There is nothing more difficult for a parent than dealing with an injury to their child. All of us with children probably went to the emergency room when an unfortunate accident occurred and know the helpless feeling of your child being hurt.
Children get hurt, but it is tough to accept when some third party injures your child through their negligence or gross neglect. For over three decades, we have protected children’s rights after an injury accident and handled hundreds of lawsuits against daycare providers.
This article covers the basics of a minor’s personal injury claim in Texas.
What Is A “Next Friend”?
Personal injury claims of children under 18 in Texas are handled differently from personal injury cases of an adult. Because a minor does not have the legal capacity to sue or be sued, personal injury litigation comes in the form of an adult “standing in” for the injured minor as “next friend.”
Usually, this is one or more of the injured child’s parents. However, if a parent cannot do so, anyone may stand in as a “next friend” for an injured child.
Settlements For An Injury To a Child in Texas
If a minor’s injury claim is settled, the defendant’s counsel usually requires a hearing in front of the judge in the court where the lawsuit is filed. The court will appoint an attorney to represent the interests of the minor.
That lawyer is called an “ad litem” and advises the judge whether the settlement terms are in the child’s best interest. The defendant customarily pays the cost of the attorney to represent the minor’s interests at the hearing.
An Ad Litem Is an Attorney Who Ensures Fairness For The Child
An “ad litem” is a lawyer picked by the judge and is, in addition to the attorney who handled the case on behalf of the injured minor and the family. In a court hearing, the judge approves the decisions made on behalf of the child. This includes the settlement and determining how the funds will be kept for the minor.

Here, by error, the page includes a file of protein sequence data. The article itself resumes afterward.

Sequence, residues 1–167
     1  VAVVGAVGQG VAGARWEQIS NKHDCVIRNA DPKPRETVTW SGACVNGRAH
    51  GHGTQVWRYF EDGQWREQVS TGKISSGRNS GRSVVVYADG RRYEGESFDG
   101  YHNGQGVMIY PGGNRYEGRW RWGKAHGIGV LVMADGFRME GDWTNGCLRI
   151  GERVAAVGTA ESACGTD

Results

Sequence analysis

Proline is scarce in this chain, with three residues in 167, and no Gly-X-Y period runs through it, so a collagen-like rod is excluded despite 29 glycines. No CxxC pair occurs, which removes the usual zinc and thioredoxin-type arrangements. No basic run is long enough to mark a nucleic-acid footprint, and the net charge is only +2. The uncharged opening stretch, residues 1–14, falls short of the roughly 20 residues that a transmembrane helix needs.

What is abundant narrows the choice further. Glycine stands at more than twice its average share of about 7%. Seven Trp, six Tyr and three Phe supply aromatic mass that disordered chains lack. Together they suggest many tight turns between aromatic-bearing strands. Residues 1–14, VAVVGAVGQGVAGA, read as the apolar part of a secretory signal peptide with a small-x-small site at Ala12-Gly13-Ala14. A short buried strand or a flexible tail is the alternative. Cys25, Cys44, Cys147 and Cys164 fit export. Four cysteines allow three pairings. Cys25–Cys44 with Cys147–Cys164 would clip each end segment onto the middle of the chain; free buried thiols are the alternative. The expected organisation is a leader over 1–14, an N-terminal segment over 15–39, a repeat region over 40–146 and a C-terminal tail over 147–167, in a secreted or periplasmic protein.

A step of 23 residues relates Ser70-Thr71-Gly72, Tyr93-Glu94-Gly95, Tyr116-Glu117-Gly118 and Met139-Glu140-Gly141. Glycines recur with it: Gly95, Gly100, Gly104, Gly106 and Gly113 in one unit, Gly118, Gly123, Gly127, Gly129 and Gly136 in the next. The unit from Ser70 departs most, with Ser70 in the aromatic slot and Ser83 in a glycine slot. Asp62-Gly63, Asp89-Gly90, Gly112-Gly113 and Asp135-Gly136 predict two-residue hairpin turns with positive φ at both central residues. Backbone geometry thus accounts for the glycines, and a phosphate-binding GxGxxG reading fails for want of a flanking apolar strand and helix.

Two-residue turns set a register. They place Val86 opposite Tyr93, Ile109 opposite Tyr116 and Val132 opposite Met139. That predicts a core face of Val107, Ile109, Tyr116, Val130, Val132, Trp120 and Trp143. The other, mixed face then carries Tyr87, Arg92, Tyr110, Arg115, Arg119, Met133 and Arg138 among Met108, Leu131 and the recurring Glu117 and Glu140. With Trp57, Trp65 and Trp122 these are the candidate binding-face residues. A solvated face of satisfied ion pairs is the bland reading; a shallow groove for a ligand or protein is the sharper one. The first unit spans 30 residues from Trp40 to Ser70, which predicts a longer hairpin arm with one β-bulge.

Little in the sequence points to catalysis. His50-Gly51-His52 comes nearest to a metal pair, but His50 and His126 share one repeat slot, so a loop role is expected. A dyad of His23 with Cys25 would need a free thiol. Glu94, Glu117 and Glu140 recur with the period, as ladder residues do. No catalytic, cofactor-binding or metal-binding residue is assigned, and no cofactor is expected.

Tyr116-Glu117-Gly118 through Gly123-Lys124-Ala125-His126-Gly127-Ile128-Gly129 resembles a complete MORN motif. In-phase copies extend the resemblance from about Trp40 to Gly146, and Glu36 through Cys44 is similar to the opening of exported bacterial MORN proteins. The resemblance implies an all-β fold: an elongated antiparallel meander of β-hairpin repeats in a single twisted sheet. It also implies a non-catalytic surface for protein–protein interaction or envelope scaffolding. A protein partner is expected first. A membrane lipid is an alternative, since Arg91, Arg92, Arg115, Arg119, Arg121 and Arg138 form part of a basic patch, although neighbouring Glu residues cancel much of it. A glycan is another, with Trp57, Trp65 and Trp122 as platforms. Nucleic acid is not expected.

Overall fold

What is a Minor Settlement Hearing?
A Minor Settlement Hearing is a crucial legal proceeding designed to evaluate and approve or disapprove the settlement of a personal injury case on behalf of a minor under 18. In these situations, the law recognizes that minors are not considered to have the legal capacity to make decisions on their own. Therefore, the purpose of a Minor Settlement Hearing is to ensure that the settlement reached is fair and in the minor’s best interests.
During this non-adversarial hearing, an appointed attorney called an “ad litem” plays a crucial role in advocating for the rights and well-being of the child. The judge selects this attorney and works with the lawyer who handled the case on behalf of the injured minor and their family. The ad litem attorney ensures that the settlement and other decisions made on behalf of the child are just and equitable. They also assist in determining how the funds from the settlement will be managed and preserved for the minor’s future needs.